It is fun to watch the film knowing that Adrian and Danielle used what resources they had access to while creating it. Adrian makes beautiful handmade furniture, and a lot of his clients are bars and restaurants. Since he already had their respect as a tradesman, they trusted him when it came to being apart of the film. "When it came to making our movie, we had established such real friendships with people. One chef had studied acting when he was young. And at a party someone introduced us to the Jack Black of France and he said I love 'Arrested Development.'" The money the two raised went to airbnbs, gear, and shooting. The post production was paid for out of pocket. "We also had a lot of people working for free because they liked us." It's both not surprising and also reassuring that Adrian and Danielle were able to get far just on friendship. I had a lot of fun talking to them.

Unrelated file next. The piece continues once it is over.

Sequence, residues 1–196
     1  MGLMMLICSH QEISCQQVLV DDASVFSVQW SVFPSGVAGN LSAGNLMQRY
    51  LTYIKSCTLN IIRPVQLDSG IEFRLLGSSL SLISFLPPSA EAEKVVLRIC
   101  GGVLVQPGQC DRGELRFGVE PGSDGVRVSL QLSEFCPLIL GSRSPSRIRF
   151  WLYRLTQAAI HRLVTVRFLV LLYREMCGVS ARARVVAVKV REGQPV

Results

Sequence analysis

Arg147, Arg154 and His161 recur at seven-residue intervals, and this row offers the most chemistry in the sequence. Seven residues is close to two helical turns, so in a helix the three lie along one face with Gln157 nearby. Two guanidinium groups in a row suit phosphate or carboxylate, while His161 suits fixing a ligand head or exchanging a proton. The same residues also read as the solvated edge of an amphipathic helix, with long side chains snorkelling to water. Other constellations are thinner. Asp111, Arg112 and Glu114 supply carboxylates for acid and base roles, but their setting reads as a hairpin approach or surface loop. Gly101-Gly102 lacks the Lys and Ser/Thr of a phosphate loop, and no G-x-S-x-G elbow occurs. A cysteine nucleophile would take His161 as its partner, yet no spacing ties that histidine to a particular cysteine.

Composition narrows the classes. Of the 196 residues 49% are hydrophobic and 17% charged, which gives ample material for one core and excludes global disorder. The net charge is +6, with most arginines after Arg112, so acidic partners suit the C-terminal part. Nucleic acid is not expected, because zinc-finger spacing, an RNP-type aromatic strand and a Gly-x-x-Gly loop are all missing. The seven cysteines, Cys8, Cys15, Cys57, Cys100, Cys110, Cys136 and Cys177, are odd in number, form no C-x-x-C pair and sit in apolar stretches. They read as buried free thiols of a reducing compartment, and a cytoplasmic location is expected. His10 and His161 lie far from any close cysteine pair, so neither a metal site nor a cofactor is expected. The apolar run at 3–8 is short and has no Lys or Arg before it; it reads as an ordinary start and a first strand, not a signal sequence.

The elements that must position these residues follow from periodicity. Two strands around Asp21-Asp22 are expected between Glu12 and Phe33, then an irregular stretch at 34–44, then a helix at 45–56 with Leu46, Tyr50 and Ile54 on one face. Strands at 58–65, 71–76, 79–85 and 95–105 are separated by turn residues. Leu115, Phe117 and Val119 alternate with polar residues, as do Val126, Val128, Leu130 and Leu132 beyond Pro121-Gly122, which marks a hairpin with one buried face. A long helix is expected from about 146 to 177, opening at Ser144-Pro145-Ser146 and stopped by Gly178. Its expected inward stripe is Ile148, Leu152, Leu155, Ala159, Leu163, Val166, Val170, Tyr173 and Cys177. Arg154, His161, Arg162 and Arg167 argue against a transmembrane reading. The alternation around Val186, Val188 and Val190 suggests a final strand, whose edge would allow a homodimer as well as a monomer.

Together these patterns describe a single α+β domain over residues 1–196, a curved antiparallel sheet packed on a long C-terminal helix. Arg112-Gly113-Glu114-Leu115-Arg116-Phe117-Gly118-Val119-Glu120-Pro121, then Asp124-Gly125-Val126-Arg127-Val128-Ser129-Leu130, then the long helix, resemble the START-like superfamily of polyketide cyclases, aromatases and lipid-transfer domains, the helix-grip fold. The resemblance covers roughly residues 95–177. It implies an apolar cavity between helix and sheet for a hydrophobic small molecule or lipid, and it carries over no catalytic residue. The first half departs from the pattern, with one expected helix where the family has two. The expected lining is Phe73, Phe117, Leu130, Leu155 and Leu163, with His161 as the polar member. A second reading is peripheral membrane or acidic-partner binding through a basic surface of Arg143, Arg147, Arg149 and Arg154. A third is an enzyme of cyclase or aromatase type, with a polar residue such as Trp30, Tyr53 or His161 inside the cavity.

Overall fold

On What the Experience of Filmmaking Taught Them

I asked them what they learned from working with Bourdain's team. "We learned that all chefs are control freaks and very, very hard workers. We learned a lot about producing. Shooting in peoples restaurants and homes, you do what you can to make people comfortable by listening to them. Make them interested in what you’re doing, and then they’re willing and happy to be involved."